ALBANY — The city wants to expand its rapidly filling dump onto 10 acres it had already dedicated to the Pine Bush Preserve.
"We hope that people would be reasonable and know what we are up against," Mayor Jerry Jennings told the Times Union editorial board on Wednesday. "I know some people are going to fight us on this."
During his State of the City address last week, Jennings said the city wants to expand the Rapp Road facility near Thruway Exit 24 into 10 city-owned acres. A decade ago, Albany dedicated that land as forever-wild to the preserve, which includes about 3,000 acres in Albany, Colonie and Guilderland.
It would be the first time that the city has sought to remove land from the preserve since its creation by the state in 1988.
"Taking land from the preserve for a dump sets a terrible precedent," Save the Pine Bush Secretary Lynne Jackson said Wednesday. "Who is to say that in another five years, another 10 acres won’t be needed, and then another and another?"
The Pine Bush is one of the largest of about 20 inland pine barrens worldwide. It was formed toward the end of the last Ice Age 15,000 years ago when a large glacial lake stretched from present day Glens Falls to Newburgh.
The lake drained and left behind the sandy soils that now support the scrub pines of the rare ecosystem. Less than a fifth of the original Pine Bush survives, with the remaining area divided by highways, shopping malls and industrial parks.
Jennings is turning to the 10-acre patch of preserve land because the Rapp Road dump will be full in four years, long before a proposed new city-owned regional dump in Coeymans could be opened. But that plan is facing delays linked to wetlands on the 363-acre parcel as well as legal challenges by local opponents.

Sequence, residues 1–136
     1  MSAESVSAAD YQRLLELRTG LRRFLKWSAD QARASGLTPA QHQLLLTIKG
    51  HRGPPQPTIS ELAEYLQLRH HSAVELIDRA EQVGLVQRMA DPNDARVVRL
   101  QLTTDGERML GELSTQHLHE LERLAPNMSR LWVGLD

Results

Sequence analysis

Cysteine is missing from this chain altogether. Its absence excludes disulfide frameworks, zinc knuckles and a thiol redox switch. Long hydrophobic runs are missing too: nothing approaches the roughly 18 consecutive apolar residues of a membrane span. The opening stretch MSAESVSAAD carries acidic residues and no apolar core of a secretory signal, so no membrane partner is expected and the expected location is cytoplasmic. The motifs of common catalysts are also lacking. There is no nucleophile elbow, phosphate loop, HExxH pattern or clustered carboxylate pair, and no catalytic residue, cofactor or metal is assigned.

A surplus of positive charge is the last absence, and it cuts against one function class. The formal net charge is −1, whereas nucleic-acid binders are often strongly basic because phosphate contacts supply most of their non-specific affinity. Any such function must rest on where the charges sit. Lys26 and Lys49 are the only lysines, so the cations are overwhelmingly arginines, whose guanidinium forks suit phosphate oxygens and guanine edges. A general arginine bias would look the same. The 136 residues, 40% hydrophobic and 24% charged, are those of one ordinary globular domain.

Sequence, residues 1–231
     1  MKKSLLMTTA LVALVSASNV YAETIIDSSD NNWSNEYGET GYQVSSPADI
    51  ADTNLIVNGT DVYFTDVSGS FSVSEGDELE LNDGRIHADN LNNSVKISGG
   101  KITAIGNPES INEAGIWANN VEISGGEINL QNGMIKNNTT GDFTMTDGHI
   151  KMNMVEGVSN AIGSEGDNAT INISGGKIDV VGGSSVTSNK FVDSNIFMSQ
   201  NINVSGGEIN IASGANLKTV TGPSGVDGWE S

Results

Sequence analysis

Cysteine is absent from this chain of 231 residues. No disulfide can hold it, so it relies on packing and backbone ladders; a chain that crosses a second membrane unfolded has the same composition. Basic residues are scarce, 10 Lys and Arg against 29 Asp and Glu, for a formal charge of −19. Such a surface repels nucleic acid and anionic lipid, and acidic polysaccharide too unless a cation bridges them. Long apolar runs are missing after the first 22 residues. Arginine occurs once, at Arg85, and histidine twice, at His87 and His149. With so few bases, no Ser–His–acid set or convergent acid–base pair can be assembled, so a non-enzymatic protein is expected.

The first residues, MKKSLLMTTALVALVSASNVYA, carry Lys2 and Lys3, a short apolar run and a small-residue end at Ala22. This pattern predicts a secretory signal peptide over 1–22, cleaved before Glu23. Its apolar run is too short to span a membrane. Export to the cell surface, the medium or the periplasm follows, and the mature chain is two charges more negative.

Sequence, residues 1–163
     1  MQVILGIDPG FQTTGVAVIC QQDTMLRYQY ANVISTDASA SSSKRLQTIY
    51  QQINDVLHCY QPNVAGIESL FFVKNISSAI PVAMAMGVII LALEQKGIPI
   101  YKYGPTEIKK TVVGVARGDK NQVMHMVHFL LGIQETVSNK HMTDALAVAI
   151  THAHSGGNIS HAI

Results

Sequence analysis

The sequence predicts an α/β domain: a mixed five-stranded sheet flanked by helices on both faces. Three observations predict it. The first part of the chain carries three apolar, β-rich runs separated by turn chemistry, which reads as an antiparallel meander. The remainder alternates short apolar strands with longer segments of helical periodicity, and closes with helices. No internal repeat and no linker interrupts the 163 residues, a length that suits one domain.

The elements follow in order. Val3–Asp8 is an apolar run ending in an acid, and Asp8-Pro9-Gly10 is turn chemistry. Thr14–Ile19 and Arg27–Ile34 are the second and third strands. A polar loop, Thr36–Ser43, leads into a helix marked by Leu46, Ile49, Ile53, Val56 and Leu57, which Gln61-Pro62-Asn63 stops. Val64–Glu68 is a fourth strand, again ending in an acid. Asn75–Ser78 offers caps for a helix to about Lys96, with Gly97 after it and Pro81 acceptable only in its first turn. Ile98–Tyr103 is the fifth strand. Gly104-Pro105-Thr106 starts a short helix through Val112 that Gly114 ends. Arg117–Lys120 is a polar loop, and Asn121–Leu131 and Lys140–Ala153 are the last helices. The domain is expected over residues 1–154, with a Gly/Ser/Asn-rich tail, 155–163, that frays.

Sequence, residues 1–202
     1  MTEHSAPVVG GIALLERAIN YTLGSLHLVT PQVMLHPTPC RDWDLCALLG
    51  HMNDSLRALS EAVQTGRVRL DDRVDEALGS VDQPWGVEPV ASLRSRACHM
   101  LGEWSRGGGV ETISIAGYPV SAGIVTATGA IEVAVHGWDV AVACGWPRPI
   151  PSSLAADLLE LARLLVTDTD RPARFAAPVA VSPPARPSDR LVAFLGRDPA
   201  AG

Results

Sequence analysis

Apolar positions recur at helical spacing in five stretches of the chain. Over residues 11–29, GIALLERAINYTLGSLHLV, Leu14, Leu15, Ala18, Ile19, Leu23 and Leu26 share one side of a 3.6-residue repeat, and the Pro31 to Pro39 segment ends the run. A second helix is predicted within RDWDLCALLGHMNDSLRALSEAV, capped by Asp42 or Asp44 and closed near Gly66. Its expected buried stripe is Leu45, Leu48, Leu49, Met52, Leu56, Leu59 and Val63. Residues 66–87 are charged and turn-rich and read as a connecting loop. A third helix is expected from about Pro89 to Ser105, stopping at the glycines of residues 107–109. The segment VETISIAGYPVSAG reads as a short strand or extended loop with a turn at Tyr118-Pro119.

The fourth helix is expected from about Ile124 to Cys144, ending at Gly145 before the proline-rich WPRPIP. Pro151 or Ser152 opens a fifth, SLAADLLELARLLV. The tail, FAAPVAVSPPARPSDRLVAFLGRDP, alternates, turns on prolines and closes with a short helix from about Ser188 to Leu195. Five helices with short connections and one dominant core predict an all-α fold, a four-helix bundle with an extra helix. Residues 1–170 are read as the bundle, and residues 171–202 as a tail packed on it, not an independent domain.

Chris Hawver, executive director of the Pine Bush Preserve Commission, said, "This is a precedent that we don’t want to see happen," he said. "The city needs to look at other alternatives."
Jennings said the city could give the commission money to buy other land in the Pine Bush to offset the 10 acres that could be lost.
Last week the city dropped its plan to expand the dump into 20 acres at the Fox Run Estates trailer park after Save the Pine Bush sued because the city had promised in 2000 to donate the land to the preserve.
The city earns about $13 million a year — a tenth of its annual budget — by taking trash from private haulers and the communities in the ANSWERS consortium that includes Cohoes, Rensselaer, Watervliet, Berne, Bethlehem, Guilderland, Knox, New Scotland, Rensselaerville, Westerlo, Green Island and Altamont.
Albany cannot afford to slow down the flow of trash, which would extend the life of the dump, Jennings said. "It is a financial situation for us," he said.
When the city expanded the landfill in 2000, it was projected to last for 15 years. However, because the city is taking in nearly as much trash as allowed under its state permit, the expansion will be filled by 2010.
Without a place to put its garbage, the city would be forced to pay to haul it away, Jennings said. That expense, coupled with the revenue loss, could force massive property tax increases and city worker layoffs, he warned. Removing land from the preserve — a process called alienation — requires state legislative approval. Assemblyman Jack McEneney said Jennings has approached him about sponsoring such a bill.
"This is a battle that has to be fought in the Common Council," said McEneney, an Albany Democrat. "This is a local matter and will require a home-rule message from the council."
There appeared to be some division on the 15-member council over the idea of sacrificing Pine Bush Preserve acres.
"There seems to be an air of inevitability about this," said Common Council President Shawn Morris. "This is the largest opportunity available to the city at this time."
However, she added, the dump squeeze "opens the door for the big discussion of the future of the landfill and the city’s dependency on revenue from the landfill."
Council member Dominick Calsolaro said Jennings must work with the council to find a solution to the garbage issues and questioned whether the preserve should be reduced. "We need a better dialogue on this," Calsolaro said.